Woman’s Suffrage Movement

The Nineteenth Amendment of the United States Constitution states that: The right of citizens of the United States to vote shall not be denied or abridged by the United States or by any State on account of sex. Congress shall have power to enforce this article by appropriate legislation. Neither the United nor any state has the right to keep a citizen from voting because she is a woman. Congress has the power to make laws that will make this amendment effective (cited in League of Women Voters of the Greater Dayton Area, 2006).

This amendment, which is also known as the Susan B. Anthony Amendment (Brooks & Gonzalez, 2007), was approved by the United States Senate in June 4, 1919 and was authorized into law by the U. S. Secretary of State in August 26, 1920 (Jone Johnson Lewis, 2007). Years before this amendment was approved, the Woman Suffrage Movement has been formed to give women equal rights. This was developed because women in the 1800s do not have privileges similar to those of men (League of Women Voters of the Greater Dayton Area, 2006).

Sarah and Angelina Grimke unlocked the door for women to have freedom to speak in 1830s (League of Women Voters of the Greater Dayton Area, 2006). It was in 1836 when Angelina urged Southern women to protest against slavery (Brooks & Gonzalez, 2007). However, her sister, Sarah, issued “Letters on the Equality of the Sexes and the Condition of Women” in 1838. Both of them have been involved in the movements of suffrage and the abolitionist (The Moschovitis Group, Inc. , 2001). In 1840, Abolitionists Lucretia Mott and Elizabeth Cady Stanton were not allowed to participate in The World Anti-Slavery Convention they attended in London.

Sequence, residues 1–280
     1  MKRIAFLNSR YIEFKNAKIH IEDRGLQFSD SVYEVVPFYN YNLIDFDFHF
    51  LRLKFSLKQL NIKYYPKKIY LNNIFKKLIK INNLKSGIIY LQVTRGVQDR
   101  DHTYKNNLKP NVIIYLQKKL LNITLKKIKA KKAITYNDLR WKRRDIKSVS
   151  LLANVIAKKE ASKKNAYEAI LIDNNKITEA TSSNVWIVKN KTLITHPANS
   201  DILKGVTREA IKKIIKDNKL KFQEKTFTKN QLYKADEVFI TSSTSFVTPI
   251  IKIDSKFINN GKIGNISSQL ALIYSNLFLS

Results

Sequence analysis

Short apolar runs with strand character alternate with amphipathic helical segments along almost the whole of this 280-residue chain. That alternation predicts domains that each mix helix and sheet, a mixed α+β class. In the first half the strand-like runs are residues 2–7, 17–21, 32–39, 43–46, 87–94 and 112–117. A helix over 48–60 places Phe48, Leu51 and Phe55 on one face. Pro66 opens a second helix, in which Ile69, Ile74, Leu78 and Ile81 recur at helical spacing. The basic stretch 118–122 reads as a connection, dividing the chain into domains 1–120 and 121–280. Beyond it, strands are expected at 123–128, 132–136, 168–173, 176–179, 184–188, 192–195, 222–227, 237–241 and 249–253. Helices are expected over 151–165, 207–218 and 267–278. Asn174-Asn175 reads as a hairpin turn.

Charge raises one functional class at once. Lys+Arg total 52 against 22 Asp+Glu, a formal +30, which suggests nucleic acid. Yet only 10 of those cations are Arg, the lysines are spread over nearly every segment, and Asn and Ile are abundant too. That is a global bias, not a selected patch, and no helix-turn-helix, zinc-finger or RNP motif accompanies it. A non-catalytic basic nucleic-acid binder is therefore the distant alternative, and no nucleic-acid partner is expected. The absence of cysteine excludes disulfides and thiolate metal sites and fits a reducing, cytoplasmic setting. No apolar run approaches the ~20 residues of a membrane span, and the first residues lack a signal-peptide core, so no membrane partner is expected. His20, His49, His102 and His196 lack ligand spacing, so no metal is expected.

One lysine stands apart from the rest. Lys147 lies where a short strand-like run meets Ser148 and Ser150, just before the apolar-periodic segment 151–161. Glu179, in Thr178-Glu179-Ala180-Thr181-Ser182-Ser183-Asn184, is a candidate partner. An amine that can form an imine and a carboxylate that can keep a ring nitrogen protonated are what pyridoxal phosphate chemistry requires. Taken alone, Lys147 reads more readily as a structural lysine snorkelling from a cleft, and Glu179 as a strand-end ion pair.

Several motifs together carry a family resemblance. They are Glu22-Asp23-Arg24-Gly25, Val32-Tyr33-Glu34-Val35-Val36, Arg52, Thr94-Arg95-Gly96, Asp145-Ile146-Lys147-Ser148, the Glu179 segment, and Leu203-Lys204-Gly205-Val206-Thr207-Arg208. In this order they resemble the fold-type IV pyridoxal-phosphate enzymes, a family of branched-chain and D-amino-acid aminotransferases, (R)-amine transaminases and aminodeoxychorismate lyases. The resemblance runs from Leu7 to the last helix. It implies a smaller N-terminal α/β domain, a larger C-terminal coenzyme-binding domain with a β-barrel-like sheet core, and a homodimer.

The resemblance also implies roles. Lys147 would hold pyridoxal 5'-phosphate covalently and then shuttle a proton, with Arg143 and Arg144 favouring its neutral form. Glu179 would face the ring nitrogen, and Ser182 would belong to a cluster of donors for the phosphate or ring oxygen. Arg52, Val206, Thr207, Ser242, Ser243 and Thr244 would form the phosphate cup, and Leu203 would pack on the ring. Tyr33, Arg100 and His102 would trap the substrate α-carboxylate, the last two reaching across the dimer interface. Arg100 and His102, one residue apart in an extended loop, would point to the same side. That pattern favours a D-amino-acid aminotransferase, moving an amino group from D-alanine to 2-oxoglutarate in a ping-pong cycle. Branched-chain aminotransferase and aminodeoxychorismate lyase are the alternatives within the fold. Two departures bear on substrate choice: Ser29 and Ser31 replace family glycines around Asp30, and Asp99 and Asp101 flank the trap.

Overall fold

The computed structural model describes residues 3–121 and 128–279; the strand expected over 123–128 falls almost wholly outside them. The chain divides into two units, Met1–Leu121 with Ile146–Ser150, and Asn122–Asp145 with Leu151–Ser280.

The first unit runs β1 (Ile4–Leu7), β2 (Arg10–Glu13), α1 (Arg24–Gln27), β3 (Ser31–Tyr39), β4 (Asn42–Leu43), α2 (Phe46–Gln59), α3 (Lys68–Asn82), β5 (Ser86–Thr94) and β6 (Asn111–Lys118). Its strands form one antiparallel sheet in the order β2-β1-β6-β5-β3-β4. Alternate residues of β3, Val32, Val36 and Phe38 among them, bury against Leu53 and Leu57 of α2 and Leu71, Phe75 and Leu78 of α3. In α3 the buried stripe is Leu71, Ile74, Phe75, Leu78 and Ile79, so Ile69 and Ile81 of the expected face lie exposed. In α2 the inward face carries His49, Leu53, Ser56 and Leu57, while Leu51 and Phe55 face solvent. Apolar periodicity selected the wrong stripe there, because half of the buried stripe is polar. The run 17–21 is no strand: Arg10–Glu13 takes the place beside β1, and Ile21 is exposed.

Because of this incident, they organized the First Women’s Rights convention which was held in Seneca Fall, New York in July 19 to 20, 1848 (Brooks & Gonzalez, 2007). The said convention was attended by 300 people including Amelia Bloomer, Charlotte Woodward, and Frederick Douglas. A Declaration of Sentiments, which was written by Stanton, was implemented (The Moschovitis Group, Inc. , 2001). This was an announcement of women’s freedom and equality, as well as a proclamation that “all men and women are created equal (cited in League of Women Voters of the Greater Dayton Area, 2006). ”

It was in October 1850 when the first National Woman's Rights Convention was conducted in Worcester, Massachusetts (The Moschovitis Group, Inc. , 2001). Rational men and women supported the said convention, which was attended by 1,000 people from 11 states (League of Women Voters of the Greater Dayton Area, 2006); among which are Paulina Wright Davis, Frederick Douglass, Abby Kelly Foster, William Lloyd Garrison, Lucy Stone, and Sojourner Truth (The Moschovitis Group, Inc., 2001). However, in 1867, Equal Rights Association, which has worked for universal suffrage, was organized by Susan B. Anthony (Brooks & Gonzalez, 2007).